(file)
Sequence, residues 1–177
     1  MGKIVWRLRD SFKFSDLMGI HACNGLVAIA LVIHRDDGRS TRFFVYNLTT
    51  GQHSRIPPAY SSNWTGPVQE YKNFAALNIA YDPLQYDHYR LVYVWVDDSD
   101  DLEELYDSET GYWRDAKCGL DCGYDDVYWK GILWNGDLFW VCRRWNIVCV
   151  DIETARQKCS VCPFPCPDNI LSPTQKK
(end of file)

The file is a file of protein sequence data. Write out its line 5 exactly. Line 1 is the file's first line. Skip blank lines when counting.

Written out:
   151  DIETARQKCS VCPFPCPDNI LSPTQKK